Puls's artificial intelligence (AI) system does much more than calculate prices. It is responsible for matching the technician to the customer, which requires weighing many factors: suitable skills ("not every technician who repairs iPhones also knows how to repair a washing machine," Hirsch explains); availability of the right parts, which Puls supplies to the technician in advance; the rating given to the technician by previous customers; and the number of jobs done by the technician in a day, in order to maintain good performance and avoid fatigue.
Obviously, geographic availability of a technician near the customer is also taken into account. Hirsch says that this item alone is quite complicated. "We make a forward projection, thanks to customers who order in advance, so the system knows to route the technicians and save them from spending too much time on the road.
In dense cities like New York, it is easier to meet timetables, whereas in cities with long travel times, such as Los Angeles, the system works in a more sophisticated mode in order to accomplish this," he explains. In addition, the AI system helps to plan the future of the service, to understand which products are worthwhile supporting, and how to provide customers with simpler tools for making an order.
How does your revenue model work?
"The customer's payment is divided between the technician, the components supplier, and Puls. We plan to also launch a subscriber model soon. The home insurance model today requires customers to chase after insurance companies and technicians, and we want to offer a more convenient monthly payment solution.
"It will be possible to cover only basic electrical appliances, or more sophisticated systems, and we'll offer subscribers benefits, such as a discount on television installation. Insurance companies usually first create the insurance, bring the customers, and then worry about where to get the service providers. We're in a special position, because we built the service layer first."
Asked about Puls's annual revenue, Hirsch says only, "The company is generating revenue on a very significant scale."
Hirsch says that the decision to focus on the US market was made because he and Ronen live in the US, and also in the belief that most successful companies working directly with customers (B2C) were founded there. "The aim is to expand to more global markets, but the US market itself is huge, and therefore constitutes a good test case."
What markets are you thinking about expanding to?
"First of all, we're only beginning in the US. The market is $600 billion, and our share isn't enormous. In the middle of next year, we plan on going to Latin America or Europe."
What about Israel?
"Not at the moment. The Israeli market isn't large. We'll probably want to launch the service first in markets with 20 million people or more. It's definitely an option in the future."
Although the Israeli market is not in Puls's plans right now, they regard themselves as an Israeli-American startup. The company's third office, after San Diego and San Francisco, is in Ramat Gan, where 30 employees work. "Our development and marketing teams are there," says Hirsch. "We opened an office in Israel first of all because we're Israelis, and there's no substitute for the technological know-how Israel, so it was very natural. There are amazing people here, and we want to substantially increase our personnel in Israel in the near future."
Puls currently works with nearly 4,000 freelance technicians. "A very large proportion of them work exclusively with us. Some work less than a full month; maybe they're students, or have other commitments. We also have technicians who go in and out of the platform. We don't like that so much," Hirsch says.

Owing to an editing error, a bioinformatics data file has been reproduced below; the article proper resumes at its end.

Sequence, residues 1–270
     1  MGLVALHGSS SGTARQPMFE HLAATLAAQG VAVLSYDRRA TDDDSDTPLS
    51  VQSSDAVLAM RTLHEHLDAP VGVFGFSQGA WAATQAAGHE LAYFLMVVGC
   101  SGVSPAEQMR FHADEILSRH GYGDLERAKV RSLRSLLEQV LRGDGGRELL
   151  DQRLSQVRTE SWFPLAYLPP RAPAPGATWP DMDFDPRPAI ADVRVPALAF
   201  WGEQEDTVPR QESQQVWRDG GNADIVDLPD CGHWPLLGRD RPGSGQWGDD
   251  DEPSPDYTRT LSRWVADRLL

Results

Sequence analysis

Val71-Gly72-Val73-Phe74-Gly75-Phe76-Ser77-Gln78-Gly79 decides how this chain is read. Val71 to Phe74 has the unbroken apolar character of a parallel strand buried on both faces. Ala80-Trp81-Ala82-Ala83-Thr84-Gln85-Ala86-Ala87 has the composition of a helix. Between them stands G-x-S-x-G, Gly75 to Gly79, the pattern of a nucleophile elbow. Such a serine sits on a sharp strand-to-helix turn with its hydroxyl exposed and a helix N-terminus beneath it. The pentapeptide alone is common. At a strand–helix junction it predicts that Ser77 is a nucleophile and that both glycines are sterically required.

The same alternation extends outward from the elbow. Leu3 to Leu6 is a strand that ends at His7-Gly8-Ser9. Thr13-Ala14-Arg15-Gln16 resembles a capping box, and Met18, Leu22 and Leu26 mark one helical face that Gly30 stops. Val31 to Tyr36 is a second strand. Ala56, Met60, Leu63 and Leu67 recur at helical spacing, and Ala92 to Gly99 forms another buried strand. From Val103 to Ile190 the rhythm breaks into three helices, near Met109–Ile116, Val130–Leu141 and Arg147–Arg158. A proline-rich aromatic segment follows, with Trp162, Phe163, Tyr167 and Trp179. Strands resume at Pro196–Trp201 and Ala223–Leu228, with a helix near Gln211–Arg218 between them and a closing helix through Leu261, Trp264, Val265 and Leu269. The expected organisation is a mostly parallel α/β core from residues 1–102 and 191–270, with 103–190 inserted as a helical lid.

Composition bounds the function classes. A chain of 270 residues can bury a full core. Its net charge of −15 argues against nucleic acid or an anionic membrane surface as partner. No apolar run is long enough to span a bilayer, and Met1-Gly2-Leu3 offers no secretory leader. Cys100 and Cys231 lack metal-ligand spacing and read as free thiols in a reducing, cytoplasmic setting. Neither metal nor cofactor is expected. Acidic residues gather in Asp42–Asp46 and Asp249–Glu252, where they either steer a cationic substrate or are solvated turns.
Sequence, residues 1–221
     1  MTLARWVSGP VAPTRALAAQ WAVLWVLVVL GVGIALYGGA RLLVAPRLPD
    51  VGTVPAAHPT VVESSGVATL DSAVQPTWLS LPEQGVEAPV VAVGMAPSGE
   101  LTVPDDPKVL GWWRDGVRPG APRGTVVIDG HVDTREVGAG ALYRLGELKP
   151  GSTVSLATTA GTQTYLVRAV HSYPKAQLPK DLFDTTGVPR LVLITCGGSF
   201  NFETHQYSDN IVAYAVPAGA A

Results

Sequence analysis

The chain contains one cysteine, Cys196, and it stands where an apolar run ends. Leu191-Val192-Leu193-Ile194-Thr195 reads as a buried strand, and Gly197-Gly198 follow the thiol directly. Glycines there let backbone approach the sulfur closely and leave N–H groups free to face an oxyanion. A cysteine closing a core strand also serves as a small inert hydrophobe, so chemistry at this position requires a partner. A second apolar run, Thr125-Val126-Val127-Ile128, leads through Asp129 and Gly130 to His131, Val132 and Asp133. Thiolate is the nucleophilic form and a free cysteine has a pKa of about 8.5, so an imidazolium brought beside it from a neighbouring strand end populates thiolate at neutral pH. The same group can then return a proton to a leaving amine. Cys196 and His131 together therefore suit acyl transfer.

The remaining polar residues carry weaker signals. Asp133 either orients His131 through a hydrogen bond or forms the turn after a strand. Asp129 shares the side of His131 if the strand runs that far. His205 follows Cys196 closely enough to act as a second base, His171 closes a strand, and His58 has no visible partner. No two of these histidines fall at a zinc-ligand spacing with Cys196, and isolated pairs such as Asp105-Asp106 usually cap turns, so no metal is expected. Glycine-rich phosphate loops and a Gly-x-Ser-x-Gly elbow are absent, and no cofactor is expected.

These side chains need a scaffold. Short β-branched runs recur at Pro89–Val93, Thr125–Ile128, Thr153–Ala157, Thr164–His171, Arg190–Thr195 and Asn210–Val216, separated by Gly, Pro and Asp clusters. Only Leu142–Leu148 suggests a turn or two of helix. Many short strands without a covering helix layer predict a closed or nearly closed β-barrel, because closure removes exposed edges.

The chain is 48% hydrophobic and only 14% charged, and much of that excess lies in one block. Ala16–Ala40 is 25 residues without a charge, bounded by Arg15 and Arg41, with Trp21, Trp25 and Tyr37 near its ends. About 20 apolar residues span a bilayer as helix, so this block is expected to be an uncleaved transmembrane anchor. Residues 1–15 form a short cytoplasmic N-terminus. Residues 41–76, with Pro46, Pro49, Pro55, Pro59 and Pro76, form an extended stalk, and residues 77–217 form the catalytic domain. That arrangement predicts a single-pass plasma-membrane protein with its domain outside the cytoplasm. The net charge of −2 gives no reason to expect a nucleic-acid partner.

Companies like Uber that use a model similar to yours, and match customer and driver, receive many complaints about salary and conditions. Have you encountered similar criticism
"I want to distinguish between the gig economy and the skilled economy. We check the technicians' qualifications and make sure that the opportunity that we offer is suitable for them. Only 8% of those seeking to work on our platform are accepted. When someone is accepted, we aim to raise the level of their involvement rather than employ more technicians in the same district, as long as we are satisfied with them and they meet the demand. The technicians work as much as they want, early or late hours, as they wish. The pay of a technician working exclusively with us can reach $60,000-80,000 a year, while a service technician in a store earns $30,000 a year, so there's great desire to work with us."
Puls also plans to recruit air-conditioning technicians soon, a service it does not yet offer - something that would probably have raised eyebrows in Israel, but that makes sense in the US market. In addition, the company wants to expand its collaboration with retail chains and manufacturers. "Today, when people buy a television set or smart home appliance from the dozens of stores of the Target chain, they offer exclusive installation and training in using the device by a Puls technician. They also offer telephone repair through us. We want to expand this relationship and to partner with other retail chains," Hirsch says.
Do you also cooperate with the product manufacturers themselves?
"Yes, among others with LG and Samsung, both for telephones and for clothes dryers, refrigerators, and so on. They don't maintain a repair service, and allow the customer to repair their products through Puls. This is an enormous opportunity for us to reach more customers around the US, and for them to retain customers. I think that cellphone manufacturers realize that when they don't give support for a device, the customer will simply go into a local store. If they don't get service there, they are likely to upgrade to a new device, of a different company."
What is your biggest challenge?
"The challenge is to remain focused on the products, markets, and services on which we decided and sometimes to say 'no' to opportunities, and that's tough. For example, there are many small makers of smart home products asking us to install their products. That isn't our focus right now."